This panel presentation, held in conjunction with Door County Through the Eyes of Joseph Friebert and Betsy Ritz Friebert and moderated by Curator Helen del Guidice, will explore the Friebert story, their place in Wisconsin art, and offer insight into the important work of preserving an artist’s legacy with Graeme Reid, Director of Exhibitions at MOWA, Susan Friebert Rossen, former publisher at the Art Institute of Chicago and the Detroit Institute of Arts, and Liesel Testwuide, Senior Manager of Art Preservation at the Kohler Foundation. A Q&A session will follow the presentation. This event is free and open to the public.

Friday, June 9 | 5:30 – 6:30pm
A free artist talk, led by the Miller Art Museum Curator Helen del Guidice, that explores the careers, studio practices, and inspirations of local and regional artists.

Saturday, June 10 | 1 – 2pm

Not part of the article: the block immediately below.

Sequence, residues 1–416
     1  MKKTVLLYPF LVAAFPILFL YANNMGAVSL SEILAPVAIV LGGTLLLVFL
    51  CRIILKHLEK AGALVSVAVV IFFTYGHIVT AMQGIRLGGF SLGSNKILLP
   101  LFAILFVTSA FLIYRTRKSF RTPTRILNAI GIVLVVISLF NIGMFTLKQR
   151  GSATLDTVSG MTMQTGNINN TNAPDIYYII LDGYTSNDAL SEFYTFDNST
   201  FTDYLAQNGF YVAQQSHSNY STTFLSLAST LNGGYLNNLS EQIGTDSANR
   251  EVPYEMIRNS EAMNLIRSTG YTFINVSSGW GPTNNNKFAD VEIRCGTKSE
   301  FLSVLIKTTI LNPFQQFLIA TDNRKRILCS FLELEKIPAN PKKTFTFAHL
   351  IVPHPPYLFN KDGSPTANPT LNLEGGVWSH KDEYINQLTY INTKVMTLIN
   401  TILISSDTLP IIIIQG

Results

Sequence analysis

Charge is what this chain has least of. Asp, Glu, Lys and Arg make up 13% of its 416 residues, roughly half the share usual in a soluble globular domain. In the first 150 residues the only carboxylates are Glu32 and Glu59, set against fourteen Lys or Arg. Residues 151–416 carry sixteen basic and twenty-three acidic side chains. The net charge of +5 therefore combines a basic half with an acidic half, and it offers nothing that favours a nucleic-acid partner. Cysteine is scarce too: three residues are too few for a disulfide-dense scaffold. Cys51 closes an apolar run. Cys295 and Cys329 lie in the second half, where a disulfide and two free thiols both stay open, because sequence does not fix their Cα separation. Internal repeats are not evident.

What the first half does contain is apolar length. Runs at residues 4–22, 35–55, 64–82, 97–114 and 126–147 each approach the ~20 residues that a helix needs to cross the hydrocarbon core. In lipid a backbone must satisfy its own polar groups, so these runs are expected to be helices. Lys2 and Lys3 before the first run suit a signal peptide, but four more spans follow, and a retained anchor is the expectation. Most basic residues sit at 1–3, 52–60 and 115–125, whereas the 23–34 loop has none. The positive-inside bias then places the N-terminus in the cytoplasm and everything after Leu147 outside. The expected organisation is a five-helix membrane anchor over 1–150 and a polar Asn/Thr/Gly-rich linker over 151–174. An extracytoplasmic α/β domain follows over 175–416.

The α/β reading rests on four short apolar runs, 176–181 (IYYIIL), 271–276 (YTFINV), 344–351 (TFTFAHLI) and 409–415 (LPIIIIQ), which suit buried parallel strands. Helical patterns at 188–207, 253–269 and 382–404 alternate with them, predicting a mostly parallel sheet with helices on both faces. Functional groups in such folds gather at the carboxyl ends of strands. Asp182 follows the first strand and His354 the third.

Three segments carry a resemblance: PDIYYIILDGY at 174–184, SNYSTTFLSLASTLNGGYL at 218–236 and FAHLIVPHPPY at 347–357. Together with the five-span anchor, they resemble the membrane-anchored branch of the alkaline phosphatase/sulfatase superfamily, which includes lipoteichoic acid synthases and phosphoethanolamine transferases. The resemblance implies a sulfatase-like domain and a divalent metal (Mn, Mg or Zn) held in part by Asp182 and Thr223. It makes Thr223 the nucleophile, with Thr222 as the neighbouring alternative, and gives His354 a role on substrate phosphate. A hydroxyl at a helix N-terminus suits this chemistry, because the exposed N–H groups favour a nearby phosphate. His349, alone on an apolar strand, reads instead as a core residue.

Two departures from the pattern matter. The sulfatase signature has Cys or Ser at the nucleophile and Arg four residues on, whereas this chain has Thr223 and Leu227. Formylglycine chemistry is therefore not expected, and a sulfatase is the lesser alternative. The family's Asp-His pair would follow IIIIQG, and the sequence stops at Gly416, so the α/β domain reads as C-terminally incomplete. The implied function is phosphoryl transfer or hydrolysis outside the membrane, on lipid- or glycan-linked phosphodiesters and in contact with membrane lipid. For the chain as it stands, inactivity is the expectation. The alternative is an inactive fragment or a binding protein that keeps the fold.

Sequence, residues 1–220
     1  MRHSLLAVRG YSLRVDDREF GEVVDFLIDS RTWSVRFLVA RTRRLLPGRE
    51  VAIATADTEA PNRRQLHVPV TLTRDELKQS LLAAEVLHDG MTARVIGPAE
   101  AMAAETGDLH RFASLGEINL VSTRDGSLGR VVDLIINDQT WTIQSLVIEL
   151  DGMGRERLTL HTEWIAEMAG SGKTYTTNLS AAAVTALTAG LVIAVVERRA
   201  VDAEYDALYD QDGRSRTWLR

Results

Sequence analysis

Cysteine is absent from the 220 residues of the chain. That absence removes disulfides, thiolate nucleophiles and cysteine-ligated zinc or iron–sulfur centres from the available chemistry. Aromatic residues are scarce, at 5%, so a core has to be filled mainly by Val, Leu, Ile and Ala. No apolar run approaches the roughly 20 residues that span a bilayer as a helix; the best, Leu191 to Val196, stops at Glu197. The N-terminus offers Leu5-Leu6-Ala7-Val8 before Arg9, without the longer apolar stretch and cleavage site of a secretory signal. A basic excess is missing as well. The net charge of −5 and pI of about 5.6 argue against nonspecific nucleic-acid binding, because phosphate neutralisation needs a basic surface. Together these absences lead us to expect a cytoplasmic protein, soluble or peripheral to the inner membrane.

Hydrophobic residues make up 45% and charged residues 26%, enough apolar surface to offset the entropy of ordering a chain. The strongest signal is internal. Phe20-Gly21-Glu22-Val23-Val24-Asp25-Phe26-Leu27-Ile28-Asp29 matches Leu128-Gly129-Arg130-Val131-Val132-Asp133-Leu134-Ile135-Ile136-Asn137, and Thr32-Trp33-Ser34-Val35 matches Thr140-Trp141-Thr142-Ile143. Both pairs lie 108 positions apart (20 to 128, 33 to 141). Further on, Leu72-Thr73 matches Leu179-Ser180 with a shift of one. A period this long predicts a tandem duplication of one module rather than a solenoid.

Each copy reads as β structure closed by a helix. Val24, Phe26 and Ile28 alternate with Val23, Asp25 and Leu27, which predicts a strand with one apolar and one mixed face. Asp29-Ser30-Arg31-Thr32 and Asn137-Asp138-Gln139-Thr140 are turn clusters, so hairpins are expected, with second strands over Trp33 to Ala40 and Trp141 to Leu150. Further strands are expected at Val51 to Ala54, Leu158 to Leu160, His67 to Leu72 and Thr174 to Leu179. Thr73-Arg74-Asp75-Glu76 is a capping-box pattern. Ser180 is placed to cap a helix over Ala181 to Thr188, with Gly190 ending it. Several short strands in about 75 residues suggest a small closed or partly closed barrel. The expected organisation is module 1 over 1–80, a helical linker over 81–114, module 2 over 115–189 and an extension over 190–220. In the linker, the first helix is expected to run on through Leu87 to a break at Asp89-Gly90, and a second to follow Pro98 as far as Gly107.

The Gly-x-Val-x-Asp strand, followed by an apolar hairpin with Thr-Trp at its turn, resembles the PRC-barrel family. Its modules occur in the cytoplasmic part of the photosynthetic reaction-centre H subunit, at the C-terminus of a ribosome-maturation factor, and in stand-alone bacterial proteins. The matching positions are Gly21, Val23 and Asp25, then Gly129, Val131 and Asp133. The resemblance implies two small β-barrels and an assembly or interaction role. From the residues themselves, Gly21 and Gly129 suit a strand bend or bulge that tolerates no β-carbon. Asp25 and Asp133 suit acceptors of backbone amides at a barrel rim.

Artist Mauree Childress will discuss the progression of women’s rights in the United States through a historical timeline, illustrated by her surrounding artwork in Expanding Perspectives. All ages are welcome. This event is free and open to the public.

Monday, July 10 | 11am – Noon
Meet Susan Friebert Rossen in the museum’s main gallery where she will share stories about the works included in the exhibition. This tour is free and open to the public.

Exhibition support for Expanding Perspectives by Mauree Childress and Door County Through the Eyes of Joseph & Betsy Ritz Friebert has been provided by Dennis and Bonnie Connolly, George and Kristi Roenning, and The Townsend Foundation with in-kind and grant support from Third Avenue Play Works and the Wisconsin Arts Board with funds from the State of Wisconsin and the National Endowment for the Arts.

The exhibitions will be on view at the Miller Art Museum, located in downtown Sturgeon Bay, through Saturday, July 15, 2023.

The museum is located within the Door County Library at 107 S. 4th Avenue, Sturgeon Bay. Hours are Monday 10 am - 7 pm and Tuesday through Saturday 10 am – 5 pm. Closed Sunday. Admission is free; an elevator is available to access galleries on the Ruth Morton Miller Mezzanine. For more information about the exhibits or the museum, call (920) 746-0707 or visit Find the museum on Instagram at @MillerArtMuseum or Facebook at Miller Art Museum.